Church and state - a window on Egypt's revolution

Church and state - a window on Egypt's revolution
The rise and fall of Egypt's Arab Spring can be neatly traced through the severing and restoration of country's the church-state alliance.
4 min read
23 Jan, 2015
The Copts were at the forefront of the 2011 revolt [Getty]

Four years have passed since those momentous days that were to mark the beginnings of the Egyptian revolution. Perhaps one of the most telling signs of the political and cultural distance we have travelled since those exceptional days can be seen in the changing role and symbolism of the Coptic community.

The mass participation of Coptic youth in Tahrir and in most other occupations and events of the 2011 revolution was central to ensuring the secular democratic thrust of the first waves of the revolution.

Even after the Muslim Brotherhood and other Islamist movements joined the protests, the visible presence of tens of thousands of young Coptic men and women and their intermingling with the majority Muslims made religious sectarianism a practical impossibility, at that moment.

Many of the Copts, already angered by a bomb attack on an Alexandrian church during on New Year's Eve, rightly directed their anger at the state and police who at the very least did not protect the church and, according to some accounts, actually perpetrated the bomb attack.

Relationship at breaking point

The church hierarchy was not happy about Coptic participation in the revolution. The late pope Shenuda was a close ally of Mubarak. The arrangement between state and church has sometimes been called a "neo millet" system inherited from Ottoman times, whereby the state leaves control of the religious and personal status laws affecting the Coptic population in the hands of the church, in return for allegiance to the state and its ruling party.

However this archaic arrangement had reached breaking point by the end of the Mubarak era, with increasing participation of Copts in opposition to Mubarak and his ruling party outside the control of the church hierarchy. The pope was rapidly losing his grip over the Copts just as Mubarak was losing his over Egypt.

The Tahrir of January 2011 epitomised this process. Yet the revolution that overthrew Mubarak had not overthrown the regime he represented. The revolution was incomplete. Mubarak's generals took power and immediately started working to bring back order and restore the heavily shaken dictatorial powers of the old regime.

The tragedy of the Tahrir revolution was that the Muslim Brotherhood was the only organised political force with a large enough base to present a viable political alternative. They had no interest in promoting the secular democratic nature of the revolution - symbolised, above all, by the mass participation of Coptic youth.

A rise in sectarian tensions in the south during 2011, the burning of several churches with the conspicuous absence of protection from the army led to mass demonstrations by angry Copts who assembled outside the state-owned television building Maspero in October of that year.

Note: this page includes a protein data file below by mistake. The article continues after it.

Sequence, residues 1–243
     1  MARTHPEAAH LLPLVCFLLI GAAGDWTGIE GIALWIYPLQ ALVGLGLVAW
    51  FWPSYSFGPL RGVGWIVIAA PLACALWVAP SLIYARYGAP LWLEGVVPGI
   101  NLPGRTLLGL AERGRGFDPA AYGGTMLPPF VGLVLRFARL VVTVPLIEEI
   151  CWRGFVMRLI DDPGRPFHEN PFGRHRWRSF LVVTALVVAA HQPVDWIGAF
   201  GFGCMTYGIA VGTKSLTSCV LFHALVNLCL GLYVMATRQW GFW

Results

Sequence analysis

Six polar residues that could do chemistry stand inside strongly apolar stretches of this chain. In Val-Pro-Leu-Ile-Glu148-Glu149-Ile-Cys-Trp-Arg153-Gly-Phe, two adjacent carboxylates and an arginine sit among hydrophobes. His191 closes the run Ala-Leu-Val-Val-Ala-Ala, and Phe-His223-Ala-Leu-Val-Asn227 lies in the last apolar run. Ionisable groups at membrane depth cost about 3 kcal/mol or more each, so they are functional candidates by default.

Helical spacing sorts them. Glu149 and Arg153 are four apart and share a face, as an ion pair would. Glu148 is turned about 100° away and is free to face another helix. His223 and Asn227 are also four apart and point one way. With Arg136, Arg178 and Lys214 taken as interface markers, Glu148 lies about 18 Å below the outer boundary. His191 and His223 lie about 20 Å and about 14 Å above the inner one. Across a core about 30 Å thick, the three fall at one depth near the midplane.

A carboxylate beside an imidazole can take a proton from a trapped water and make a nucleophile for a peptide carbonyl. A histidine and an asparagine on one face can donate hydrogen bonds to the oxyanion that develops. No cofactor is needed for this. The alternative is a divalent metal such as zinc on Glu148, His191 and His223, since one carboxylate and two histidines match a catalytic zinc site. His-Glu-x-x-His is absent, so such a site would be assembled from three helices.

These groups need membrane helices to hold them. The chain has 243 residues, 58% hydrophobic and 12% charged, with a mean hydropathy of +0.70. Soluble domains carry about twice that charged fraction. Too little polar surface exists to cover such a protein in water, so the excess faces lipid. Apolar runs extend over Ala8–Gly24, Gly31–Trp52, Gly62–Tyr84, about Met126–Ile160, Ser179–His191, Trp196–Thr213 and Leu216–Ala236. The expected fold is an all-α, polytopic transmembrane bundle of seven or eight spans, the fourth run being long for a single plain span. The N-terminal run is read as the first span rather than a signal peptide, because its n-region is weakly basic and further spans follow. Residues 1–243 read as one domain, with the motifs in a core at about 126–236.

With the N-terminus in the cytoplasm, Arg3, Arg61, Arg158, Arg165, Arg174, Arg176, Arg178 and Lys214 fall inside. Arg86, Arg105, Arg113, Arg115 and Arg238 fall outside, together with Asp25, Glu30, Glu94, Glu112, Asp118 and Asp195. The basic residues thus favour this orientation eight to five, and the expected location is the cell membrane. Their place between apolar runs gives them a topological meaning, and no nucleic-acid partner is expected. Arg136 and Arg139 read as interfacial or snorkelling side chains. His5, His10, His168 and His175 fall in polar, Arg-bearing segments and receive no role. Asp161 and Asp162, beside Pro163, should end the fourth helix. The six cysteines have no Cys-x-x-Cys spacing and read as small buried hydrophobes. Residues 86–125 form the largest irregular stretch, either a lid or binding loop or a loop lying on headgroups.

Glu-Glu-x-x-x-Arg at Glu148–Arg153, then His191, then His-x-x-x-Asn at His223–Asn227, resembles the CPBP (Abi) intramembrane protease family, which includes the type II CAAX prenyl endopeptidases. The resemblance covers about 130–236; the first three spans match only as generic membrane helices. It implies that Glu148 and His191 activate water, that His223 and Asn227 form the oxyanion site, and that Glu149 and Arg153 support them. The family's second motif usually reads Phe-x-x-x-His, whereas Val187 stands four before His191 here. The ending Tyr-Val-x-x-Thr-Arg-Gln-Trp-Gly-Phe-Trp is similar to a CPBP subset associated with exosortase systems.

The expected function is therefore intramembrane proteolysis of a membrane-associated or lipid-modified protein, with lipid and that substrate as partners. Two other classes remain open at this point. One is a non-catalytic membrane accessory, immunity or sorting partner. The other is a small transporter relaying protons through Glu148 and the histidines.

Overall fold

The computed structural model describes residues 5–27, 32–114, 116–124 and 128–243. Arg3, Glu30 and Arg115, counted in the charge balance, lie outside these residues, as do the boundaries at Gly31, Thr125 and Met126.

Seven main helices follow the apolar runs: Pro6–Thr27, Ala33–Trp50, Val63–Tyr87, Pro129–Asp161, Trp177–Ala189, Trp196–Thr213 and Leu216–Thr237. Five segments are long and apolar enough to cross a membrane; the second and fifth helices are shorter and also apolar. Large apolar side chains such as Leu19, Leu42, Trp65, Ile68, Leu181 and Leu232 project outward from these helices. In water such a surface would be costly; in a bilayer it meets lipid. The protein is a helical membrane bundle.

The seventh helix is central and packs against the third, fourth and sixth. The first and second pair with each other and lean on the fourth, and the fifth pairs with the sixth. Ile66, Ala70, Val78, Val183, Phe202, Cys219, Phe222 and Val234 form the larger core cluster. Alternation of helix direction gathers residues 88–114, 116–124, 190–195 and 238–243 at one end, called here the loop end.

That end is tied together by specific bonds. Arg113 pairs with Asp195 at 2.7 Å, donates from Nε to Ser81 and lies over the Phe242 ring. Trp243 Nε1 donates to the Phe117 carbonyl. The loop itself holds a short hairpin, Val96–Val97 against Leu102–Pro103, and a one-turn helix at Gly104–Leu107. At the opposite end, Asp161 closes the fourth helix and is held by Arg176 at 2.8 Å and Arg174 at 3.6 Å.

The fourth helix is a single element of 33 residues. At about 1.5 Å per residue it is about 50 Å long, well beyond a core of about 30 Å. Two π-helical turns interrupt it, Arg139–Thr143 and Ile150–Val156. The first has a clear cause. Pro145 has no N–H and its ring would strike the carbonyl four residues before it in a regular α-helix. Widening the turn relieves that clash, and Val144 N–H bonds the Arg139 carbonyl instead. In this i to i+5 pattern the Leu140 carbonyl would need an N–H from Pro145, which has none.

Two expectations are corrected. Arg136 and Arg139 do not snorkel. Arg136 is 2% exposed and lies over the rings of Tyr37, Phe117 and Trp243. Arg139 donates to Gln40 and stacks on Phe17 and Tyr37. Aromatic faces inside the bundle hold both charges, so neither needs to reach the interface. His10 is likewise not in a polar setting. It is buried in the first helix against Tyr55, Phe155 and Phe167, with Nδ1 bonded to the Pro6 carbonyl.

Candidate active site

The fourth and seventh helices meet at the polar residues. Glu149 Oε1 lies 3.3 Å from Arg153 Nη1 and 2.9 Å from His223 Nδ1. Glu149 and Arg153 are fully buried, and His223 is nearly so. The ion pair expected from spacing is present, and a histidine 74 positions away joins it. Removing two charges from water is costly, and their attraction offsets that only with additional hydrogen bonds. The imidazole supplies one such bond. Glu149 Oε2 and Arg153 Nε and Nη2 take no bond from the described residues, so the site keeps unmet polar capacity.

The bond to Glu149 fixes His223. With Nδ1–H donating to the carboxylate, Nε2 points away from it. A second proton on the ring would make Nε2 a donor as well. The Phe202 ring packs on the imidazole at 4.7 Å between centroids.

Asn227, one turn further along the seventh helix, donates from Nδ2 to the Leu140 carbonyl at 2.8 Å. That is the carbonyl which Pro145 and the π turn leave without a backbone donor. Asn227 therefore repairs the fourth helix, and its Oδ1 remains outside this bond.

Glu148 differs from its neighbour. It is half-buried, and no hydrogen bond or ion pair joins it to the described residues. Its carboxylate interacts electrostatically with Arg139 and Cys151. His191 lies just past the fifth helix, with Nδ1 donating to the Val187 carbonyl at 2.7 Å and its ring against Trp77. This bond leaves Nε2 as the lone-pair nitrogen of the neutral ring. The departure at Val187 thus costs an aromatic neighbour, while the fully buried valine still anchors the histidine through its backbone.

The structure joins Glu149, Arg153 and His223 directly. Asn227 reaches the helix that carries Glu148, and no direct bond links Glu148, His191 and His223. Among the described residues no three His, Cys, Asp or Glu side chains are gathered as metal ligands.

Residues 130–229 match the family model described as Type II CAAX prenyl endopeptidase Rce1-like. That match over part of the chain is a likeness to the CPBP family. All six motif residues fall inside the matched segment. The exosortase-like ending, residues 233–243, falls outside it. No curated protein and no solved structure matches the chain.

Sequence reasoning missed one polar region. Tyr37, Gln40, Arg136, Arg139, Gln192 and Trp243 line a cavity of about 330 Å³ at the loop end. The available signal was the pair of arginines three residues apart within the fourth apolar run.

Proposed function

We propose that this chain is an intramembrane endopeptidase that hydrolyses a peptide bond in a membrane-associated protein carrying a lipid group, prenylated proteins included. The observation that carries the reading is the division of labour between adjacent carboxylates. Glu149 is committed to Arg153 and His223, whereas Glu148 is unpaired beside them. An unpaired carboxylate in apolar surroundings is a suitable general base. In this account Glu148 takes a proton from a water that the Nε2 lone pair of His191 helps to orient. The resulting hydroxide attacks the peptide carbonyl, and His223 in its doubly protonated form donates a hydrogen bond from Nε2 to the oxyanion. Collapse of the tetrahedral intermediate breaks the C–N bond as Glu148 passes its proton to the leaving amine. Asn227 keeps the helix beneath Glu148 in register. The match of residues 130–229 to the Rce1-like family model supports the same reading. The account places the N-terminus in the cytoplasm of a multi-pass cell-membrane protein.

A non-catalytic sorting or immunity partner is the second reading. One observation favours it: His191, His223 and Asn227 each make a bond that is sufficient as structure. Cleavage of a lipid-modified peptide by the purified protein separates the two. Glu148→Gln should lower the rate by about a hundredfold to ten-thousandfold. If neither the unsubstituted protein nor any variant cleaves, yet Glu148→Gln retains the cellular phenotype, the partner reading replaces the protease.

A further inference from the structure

Although the demonstration and assembly was peaceful, it was brutally attacked by army forces using live ammunition and army vehicles ploughing through demonstrators. Twenty-six people were killed and scores of others wounded. Egyptian state television called on Muslims to head to the area to protect the army from attack by Christians, further inflaming sectarian tensions.

     The Brotherhood further inflamed sectarian tensions and opened the path towards the renewal of the Copt-state alliance.

The rise of the Brotherhood to power presented them with both a historical opportunity and dilemma - again perhaps symbolised by their attitude towards the Copts. Would they be able and willing to take the revolution forward through further mass democratic mobilisation to complete the dismantling of the Mubarak state? Or would they continue in their collusion with the generals in the hope that the latter would share some of their immense power with the movement?

Unfortunately the Brotherhood was structurally incapable of pursuing the first path. Again the example of the Copts makes this abundantly clear. Furthering the revolutionary mobilisation meant building on the unity of January 2011, above all a unity that overcame religious sectarian divisions. Yet the sectarian nature of the Brotherhood meant it actually went in the opposite direction, further inflaming sectarian tensions and opening the path towards both the restoration of church control over the Coptic community and the restoration of the old state-church alliance.

Nothing symbolises that restoration and the distance between 2011 and 2015 more than the well-choreographed visit by President Abdel Fattah al-Sisi to the cathedral during Christmas prayers and that fatal embrace with his ally and friend Pope Tawadrus among the jubilation of the Christian worshippers.

It is important here to realise the historical failures of the left and the revolutionary democratic forces in general when it comes to the Coptic question.

The rise of the Coptic youth during the January revolution was part of what was historically called the festival of the oppressed. All oppressed sections of the Egyptian population were in upheaval, led above all by women. Yet political forces dedicated to the liberation of the oppressed were unable to create a strong enough platform as an alternative to the conservative Muslim Brotherhood and a strong enough force against the restorationist military dictatorship.

The Coptic youth were left with no alternative but a return to the confined space of the church and its long-term alliance with the Mubarak state.